We know how life is supposed to be. God gives us dreams to seek and discern. God gives us gifts and talents to use to achieve those dreams. Work hard, be faithful, earn a reputation for care and competence, and God will reward you with a promotion. “Do you see someone who is skilled in their work? They will stand before monarchs; they will not stand before the obscure.” (Prov 22:29) Isn’t that how life works?
Somebody forgot to tell Uriah.
In 600 B.C., God allows a prophet from Kiriath-Jearim named Uriah ben-Shemaiah to be slain with the sword by King Jehoiakim of Judah, and dumped in an unmarked grave (Jer 26:20-23). (This Uriah is not to be confused with Colonel Uriah the Hittite, a/k/a the First “Mr. Bathsheba,” who also got a raw deal.) Yet at the same time that Uriah ben-Shemaiah bites the quicklime in his mass grave, God protects the prophet Jeremiah from being killed by the very same king (Jer 26:24).
True, Jeremiah doesn’t get a megachurch, either. He doesn’t get an earthly promotion. He spends the rest of his life homeless and ignored. But at least he lives to bellyache another day.
Someone also forgot to tell Athanasius of Alexandria about the inevitable path to glory and greatness. Here’s a guy who actually won the historic battle over the Deity of Christ in the Nicene Creed, who then gets exiled five times by his enemies and spends most of the rest of his life on the run. Is this God’s idea of retirement? (Ask John the Baptist about retirement.)
All this, of course, pales in comparison to what our Christian sisters and brothers in Nigeria, Somalia, Iran and elsewhere go through at the hands of those who supposedly follow a religion of peace. How many talented, faithful sisters and brothers end up as shish kebab like Uriah? Or how many perhaps meet a less violent fate, like the East German pastor’s daughter met by Tom Gillespie of Princeton, a girl with a bright mind who was denied an education because her mother was a Christian pastor, a girl who is unlikely to ever exercise her full potential this side of heaven?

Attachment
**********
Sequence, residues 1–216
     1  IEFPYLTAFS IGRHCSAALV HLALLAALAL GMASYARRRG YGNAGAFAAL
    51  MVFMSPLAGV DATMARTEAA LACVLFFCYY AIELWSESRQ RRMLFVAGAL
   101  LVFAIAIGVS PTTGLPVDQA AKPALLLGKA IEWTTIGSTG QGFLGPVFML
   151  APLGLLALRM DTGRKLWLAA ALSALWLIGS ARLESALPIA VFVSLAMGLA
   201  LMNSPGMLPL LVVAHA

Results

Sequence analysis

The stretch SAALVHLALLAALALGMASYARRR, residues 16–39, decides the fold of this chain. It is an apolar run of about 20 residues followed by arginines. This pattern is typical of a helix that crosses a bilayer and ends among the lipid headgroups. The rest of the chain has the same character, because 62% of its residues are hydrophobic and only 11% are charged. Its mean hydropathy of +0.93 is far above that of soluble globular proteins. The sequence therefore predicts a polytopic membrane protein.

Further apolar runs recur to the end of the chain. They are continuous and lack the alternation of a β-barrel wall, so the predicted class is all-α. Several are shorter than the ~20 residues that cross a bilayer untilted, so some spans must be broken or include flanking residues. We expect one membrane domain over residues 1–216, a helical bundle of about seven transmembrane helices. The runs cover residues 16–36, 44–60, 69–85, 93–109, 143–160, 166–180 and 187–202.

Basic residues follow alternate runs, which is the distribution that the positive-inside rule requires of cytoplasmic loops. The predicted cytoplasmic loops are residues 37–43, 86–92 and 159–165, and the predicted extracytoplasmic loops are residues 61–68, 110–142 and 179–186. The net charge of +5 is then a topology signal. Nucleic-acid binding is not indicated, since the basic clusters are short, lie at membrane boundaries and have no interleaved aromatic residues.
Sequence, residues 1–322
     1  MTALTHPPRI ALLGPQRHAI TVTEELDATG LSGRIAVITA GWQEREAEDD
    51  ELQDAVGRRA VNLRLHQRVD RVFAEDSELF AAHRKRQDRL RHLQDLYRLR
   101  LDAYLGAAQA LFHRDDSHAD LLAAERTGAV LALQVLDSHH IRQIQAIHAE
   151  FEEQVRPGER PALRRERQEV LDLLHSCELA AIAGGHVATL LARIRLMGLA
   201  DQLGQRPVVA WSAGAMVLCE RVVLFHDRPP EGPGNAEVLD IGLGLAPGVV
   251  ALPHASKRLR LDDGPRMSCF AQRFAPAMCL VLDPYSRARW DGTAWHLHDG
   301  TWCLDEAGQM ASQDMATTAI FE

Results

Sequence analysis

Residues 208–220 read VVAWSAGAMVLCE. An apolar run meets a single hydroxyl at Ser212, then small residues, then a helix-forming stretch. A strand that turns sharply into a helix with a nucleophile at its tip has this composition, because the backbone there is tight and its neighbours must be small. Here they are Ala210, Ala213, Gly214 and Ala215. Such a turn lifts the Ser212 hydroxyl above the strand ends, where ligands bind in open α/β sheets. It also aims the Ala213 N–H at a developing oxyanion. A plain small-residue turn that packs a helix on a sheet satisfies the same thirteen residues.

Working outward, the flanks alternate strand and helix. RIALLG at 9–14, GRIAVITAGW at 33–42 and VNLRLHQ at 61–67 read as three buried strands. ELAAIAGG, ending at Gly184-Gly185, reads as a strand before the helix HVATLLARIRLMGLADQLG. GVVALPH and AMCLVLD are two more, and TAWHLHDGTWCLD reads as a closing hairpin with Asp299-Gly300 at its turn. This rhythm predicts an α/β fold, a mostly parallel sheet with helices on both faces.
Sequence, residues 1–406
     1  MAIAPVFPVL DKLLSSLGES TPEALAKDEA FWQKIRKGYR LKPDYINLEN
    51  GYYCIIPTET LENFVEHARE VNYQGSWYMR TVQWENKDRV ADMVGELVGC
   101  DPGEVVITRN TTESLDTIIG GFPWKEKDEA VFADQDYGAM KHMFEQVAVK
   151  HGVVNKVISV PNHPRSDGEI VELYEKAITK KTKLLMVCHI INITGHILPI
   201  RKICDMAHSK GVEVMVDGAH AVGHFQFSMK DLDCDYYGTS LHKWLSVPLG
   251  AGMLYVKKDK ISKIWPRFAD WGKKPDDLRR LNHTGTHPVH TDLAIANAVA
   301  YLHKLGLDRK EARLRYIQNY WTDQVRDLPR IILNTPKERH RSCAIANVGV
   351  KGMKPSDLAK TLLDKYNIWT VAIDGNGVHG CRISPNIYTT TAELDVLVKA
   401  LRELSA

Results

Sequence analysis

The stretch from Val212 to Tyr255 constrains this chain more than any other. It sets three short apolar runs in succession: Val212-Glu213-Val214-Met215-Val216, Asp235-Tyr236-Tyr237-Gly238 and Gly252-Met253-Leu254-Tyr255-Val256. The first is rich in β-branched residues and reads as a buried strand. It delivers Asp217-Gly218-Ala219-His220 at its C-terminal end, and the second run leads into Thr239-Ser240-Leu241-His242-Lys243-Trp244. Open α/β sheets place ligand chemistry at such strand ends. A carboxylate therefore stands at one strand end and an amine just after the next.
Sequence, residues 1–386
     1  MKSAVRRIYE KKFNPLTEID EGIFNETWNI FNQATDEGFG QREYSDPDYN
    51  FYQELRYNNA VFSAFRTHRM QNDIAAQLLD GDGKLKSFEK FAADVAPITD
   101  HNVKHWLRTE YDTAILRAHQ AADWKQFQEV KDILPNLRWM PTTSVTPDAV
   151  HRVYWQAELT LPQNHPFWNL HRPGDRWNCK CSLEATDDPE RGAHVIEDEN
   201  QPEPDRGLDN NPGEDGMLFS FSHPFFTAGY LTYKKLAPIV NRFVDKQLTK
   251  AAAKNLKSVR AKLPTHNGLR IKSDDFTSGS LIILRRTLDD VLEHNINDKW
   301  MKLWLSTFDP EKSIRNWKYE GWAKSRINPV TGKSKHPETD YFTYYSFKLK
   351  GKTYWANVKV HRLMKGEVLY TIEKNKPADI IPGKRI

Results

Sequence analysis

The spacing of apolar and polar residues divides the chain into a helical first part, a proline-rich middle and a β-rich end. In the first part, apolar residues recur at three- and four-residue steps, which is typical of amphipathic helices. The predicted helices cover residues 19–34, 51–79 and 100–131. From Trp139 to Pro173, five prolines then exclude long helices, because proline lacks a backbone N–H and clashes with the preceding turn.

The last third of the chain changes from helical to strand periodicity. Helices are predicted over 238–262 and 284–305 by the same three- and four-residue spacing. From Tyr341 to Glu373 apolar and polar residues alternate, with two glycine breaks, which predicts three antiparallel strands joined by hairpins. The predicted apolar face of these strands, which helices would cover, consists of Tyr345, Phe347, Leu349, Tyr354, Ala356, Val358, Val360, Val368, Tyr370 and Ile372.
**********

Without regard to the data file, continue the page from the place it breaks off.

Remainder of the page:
The question is, Are you and I willing to be Uriah? Are we willing to be Athanasius on the run? Are we willing to suffer exile at the hands of hostile colleagues in today’s church? Are we willing to let our dreams for the future die, with no happy ending on earth, if God calls us to do so as a part of God’s plan?
It’s no fun being Uriah. But perhaps we need to reassess the value of achieving our dreams and goals in life. If we ask, “What do I get for a lifetime of offering the best I can give?” we might need to ask ourselves whether we were doing it for God, or for the sake of an earthly promotion. Think of Bonhoeffer or Martin Luther King. Have we been deprived of what they could have been if they had not suffered Uriah’s fate? Or is how they died worth so much more to us than what they could have said or done if they had lived until today?
Life isn’t about our own dreams, goals, or fulfillment. Ask Uriah.
TOM HOBSON of Belleville, Ill., a PC(USA) pastor for 29 years, is an adjunct professor at Morthland College, West Frankfort, Ill., and is currently seeking a call. He is author of "What’s on God’s Sin List for Today?" (Wipf and Stock, 2011).